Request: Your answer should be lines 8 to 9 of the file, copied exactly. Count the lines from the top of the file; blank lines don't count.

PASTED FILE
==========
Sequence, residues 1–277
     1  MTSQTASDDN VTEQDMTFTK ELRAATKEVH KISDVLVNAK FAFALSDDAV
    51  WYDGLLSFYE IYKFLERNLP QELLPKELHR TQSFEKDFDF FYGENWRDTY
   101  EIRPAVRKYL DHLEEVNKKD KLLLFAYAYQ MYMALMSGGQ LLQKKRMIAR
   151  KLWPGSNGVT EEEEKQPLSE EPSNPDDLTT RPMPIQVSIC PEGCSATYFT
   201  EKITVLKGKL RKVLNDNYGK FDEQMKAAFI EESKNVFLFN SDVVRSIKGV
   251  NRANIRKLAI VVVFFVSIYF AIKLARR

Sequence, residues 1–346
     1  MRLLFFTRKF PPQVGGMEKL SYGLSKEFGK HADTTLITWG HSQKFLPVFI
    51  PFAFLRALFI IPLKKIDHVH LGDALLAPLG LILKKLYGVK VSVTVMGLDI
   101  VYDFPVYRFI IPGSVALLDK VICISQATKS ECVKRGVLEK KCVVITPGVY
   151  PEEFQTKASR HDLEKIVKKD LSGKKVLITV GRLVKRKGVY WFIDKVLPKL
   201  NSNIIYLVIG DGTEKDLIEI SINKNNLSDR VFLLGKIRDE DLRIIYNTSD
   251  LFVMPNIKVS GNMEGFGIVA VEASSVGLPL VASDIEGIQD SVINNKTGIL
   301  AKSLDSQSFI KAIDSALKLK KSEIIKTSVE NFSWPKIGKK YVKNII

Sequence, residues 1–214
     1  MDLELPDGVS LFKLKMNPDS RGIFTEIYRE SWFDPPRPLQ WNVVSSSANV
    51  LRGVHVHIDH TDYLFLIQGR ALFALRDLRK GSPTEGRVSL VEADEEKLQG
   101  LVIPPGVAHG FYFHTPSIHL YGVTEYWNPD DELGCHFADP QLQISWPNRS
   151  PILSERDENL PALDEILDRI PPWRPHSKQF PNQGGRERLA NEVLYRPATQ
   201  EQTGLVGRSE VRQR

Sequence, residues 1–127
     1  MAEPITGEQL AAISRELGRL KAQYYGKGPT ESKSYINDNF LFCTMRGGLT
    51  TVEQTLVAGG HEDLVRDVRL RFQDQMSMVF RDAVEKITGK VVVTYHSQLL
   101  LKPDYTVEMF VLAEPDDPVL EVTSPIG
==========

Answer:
Sequence, residues 1–346
     1  MRLLFFTRKF PPQVGGMEKL SYGLSKEFGK HADTTLITWG HSQKFLPVFI